Casual Impatience Marks The Lodging Conference

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As the 18th edition of The Lodging Conference starts today under 100-degree-plus weather in Phoenix, the hotel business is facing a familiar conundrum: Why do we have a lot more questions than answers about the near-term future of the industry?

For the next four days, hundreds of hotel owners, operators, developers, chain executives and a precious few lenders will talk about many of the same things that occupied them at other investment conferences held this year and last. They’ll discuss when financing is coming back for acquisitions (no one knows), the outlook for new development (not for awhile) and if and when the still-presumed avalanche of distressed lodging assets will come to market and at what price (the biggest unknown of all).

Sometimes, it seems industry leaders are too busy looking at the forest to see the trees. Despite everyone’s concern about the looming fiscal cliff, the possible outcomes of the election and the fiscal and political rumblings across the ocean, there’s still a lot of good news in the hotel business. We just finished the best summer season since before the recession, yet even though demand, occupancy and rates continue to climb, it’s not fast enough for some owners.

And hotel acquisitions are happening again, although again not at a rate that makes everyone happy. But it’s likely the volume of hotel transactions in 2012 will come close to last year’s $15 billion total. And according to data released yesterday by Jones Lang LaSalle Hotels, five major markets have accounted for about $4 billion in hotel sales already this year. New York City led with 13 hotels sold for a combined $1.9 billion.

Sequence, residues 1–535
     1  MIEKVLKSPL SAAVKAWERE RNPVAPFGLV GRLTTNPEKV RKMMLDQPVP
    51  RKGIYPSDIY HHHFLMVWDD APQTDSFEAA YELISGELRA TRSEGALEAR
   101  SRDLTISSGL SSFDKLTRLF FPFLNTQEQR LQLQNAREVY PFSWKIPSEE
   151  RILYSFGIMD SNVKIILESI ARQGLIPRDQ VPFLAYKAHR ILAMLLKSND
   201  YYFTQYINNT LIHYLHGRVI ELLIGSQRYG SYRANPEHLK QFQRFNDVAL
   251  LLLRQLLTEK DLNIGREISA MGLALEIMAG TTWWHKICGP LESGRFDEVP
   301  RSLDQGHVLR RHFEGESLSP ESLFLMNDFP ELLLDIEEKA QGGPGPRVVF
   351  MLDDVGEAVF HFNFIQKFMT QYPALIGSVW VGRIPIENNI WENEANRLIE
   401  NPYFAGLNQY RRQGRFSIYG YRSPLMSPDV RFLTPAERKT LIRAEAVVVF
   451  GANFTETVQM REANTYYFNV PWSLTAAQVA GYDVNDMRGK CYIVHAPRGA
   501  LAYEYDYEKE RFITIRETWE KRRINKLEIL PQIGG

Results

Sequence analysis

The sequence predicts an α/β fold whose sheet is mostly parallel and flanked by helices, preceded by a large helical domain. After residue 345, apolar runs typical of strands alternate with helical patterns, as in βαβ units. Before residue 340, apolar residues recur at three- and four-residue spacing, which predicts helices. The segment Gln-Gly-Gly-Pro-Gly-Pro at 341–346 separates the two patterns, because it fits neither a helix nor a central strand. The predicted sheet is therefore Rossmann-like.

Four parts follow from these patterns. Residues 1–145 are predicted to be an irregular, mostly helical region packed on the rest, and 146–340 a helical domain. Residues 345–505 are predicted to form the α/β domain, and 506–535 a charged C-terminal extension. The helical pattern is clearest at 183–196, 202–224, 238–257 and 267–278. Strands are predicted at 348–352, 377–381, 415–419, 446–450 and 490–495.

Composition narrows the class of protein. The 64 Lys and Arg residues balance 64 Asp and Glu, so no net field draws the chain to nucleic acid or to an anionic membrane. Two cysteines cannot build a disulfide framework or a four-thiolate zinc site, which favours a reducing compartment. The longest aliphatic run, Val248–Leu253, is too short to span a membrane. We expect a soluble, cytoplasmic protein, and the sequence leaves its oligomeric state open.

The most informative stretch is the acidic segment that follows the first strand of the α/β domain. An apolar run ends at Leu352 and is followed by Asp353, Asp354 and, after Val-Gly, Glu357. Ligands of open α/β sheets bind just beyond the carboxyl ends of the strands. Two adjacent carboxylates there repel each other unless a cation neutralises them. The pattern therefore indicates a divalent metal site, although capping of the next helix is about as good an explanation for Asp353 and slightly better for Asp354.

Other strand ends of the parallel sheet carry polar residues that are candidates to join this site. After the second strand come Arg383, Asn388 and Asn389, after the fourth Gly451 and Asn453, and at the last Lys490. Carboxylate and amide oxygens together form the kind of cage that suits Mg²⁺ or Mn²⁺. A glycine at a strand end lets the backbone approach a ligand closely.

Even the pace of new hotel development is beginning to creep up, it’s also at a very slow pace. That’s good news for developers, who now at least have a hope they’ll be able to get back to building hotels again. But it will be a number of years, at best, before increases in new supply outpace demand increases, giving owners and operators of existing hotels some breathing room and much-needed pricing power.

I expect very little hard news to come out of this week’s conference: no new brands announced, no major acquisitions, no significant partnerships. But I do believe the mood will be a little better than it was at the NYU conference in June or ALIS last January. Just like the hotel industry, and the economy in general, the buzz at industry conferences is slowly, but surely improving. We all hope the trend continues, but why can’t it happen quicker?

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